Traditional public transportation is simple enough to define. It’s a mode that allows a large group of people to travel along a specific route in the same vehicle with predetermined stops along the way for embarking and disembarking passengers. At its essence, it is supposed to be democratic and equal — a mode for everyone. But when we look at the data, and as we develop better tools to understand that data, we’re faced with the hard truth: it’s not.

Good transit and the ability to move easily within a community is fundamental to the functioning of society as a whole. For vulnerable populations in particular — people with special needs, seniors and those categorized as low-income —it’s often a lifeline to better employment prospects, essential services and social opportunities. But transit is full of barriers. Lack of reliable or predictable service, limited or no access and cost concerns keep these groups from fully realizing its benefits.

Technology is one of the keys to breaking down these barriers. Yet most transit innovations, the ones centered around the smartphone, cloud-computing and open-source mapping, (think real-time bus tracking, multi-modal route planning) have done little to address the specific obstacles these groups face. They add a layer on top of a network to make the interaction more user friendly, but the underlying transit system stays flawed and fragmented. By using the same tools, dialing in on the data and re-focusing on the needs of these vulnerable populations, we can start to create a transit landscape that is more equitable for all.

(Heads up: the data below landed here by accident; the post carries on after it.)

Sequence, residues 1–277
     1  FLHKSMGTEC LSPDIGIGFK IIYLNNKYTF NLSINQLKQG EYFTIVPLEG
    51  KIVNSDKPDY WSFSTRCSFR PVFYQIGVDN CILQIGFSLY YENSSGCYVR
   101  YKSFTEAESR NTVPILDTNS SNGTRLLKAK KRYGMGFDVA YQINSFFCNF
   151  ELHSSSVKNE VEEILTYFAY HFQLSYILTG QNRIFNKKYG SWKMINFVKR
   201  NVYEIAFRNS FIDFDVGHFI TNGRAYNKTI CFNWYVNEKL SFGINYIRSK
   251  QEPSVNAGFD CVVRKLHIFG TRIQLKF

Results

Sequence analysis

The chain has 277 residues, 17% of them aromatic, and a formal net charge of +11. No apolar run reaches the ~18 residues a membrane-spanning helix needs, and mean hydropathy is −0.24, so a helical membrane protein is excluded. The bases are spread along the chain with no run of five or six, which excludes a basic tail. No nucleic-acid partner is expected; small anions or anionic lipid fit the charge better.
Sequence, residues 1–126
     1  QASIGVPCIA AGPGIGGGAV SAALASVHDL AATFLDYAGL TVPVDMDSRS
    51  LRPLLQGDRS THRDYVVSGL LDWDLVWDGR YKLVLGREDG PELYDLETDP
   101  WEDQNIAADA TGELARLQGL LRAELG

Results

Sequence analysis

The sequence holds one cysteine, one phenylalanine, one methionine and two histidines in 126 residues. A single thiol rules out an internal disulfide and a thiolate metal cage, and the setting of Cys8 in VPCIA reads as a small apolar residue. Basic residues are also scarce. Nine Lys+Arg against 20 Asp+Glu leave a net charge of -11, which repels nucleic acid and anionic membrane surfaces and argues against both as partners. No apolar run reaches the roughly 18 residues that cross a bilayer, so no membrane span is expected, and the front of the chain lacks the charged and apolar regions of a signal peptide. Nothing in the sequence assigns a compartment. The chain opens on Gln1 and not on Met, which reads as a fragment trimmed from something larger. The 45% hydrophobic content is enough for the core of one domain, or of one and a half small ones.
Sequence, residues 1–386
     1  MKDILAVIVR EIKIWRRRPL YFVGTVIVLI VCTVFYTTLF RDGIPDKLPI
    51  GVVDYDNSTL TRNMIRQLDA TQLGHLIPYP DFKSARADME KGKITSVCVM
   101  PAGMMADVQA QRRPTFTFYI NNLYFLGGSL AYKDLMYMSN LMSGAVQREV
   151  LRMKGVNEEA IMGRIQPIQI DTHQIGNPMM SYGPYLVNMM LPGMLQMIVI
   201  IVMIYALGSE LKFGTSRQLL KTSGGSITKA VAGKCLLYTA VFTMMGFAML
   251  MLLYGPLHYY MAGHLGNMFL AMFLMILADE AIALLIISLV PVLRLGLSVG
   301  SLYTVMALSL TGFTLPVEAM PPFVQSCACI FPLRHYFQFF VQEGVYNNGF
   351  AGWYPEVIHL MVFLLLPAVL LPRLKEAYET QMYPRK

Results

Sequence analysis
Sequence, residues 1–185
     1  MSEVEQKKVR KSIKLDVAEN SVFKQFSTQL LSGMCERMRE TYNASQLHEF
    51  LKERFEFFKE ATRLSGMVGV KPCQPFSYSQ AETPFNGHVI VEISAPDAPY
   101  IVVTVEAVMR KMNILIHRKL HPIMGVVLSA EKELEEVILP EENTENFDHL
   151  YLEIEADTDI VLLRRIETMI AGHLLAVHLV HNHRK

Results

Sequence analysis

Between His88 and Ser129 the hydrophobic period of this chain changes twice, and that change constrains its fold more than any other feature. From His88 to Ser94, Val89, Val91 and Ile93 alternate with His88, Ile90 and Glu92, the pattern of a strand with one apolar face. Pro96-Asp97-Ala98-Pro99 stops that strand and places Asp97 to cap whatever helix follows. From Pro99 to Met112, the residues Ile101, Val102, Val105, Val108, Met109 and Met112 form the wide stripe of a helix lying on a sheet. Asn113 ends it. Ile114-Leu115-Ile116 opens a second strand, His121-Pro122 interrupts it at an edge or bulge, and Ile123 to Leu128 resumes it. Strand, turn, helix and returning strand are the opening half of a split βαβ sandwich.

The reliability gap: why manual processes are failing paratransit users

Imagine if before getting on a city bus, you were required to reserve your seat a week in advance by placing a call to a dispatcher (at the same time as 300 other people). And instead of heading to the bus stop at a set time, you were told the bus would show up sometime between 3 and 5 pm with no way to track its location in real-time. That’s the reality for millions of paratransit users in the United States alone. According to the Bureau of Transportation Statistics, 33 percent of people with disabilities say they have no or limited access to public transportation. And for those that do, the unpredictable nature of paratransit systems is a major pain point.

That’s because most paratransit systems are frustratingly limited and analog — at least from the user perspective — with the advanced booking requirement as a standard prerequisite which in today’s mobility landscape is extremely outdated.  Standard paratransit software has primarily been concerned with back-end operations, such as routing, scheduling and other operational functions, while neglecting the rider experience.

“We realized we needed to do a better job and provide our paratransit customers with the things they felt they were missing: the ability to self-serve, to get notifications, to track the progress of their rides,” says Carla Cosier, an assistant transit planner for Lincoln, Nebraska’s StarTran.